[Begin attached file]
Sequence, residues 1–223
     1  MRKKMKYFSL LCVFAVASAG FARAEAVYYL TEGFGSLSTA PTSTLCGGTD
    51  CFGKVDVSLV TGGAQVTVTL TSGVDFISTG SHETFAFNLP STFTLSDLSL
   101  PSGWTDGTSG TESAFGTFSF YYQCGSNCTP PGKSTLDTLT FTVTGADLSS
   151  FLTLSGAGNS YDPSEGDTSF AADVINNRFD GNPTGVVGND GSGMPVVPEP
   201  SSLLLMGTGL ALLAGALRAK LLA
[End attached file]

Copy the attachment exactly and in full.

Sequence, residues 1–223
     1  MRKKMKYFSL LCVFAVASAG FARAEAVYYL TEGFGSLSTA PTSTLCGGTD
    51  CFGKVDVSLV TGGAQVTVTL TSGVDFISTG SHETFAFNLP STFTLSDLSL
   101  PSGWTDGTSG TESAFGTFSF YYQCGSNCTP PGKSTLDTLT FTVTGADLSS
   151  FLTLSGAGNS YDPSEGDTSF AADVINNRFD GNPTGVVGND GSGMPVVPEP
   201  SSLLLMGTGL ALLAGALRAK LLA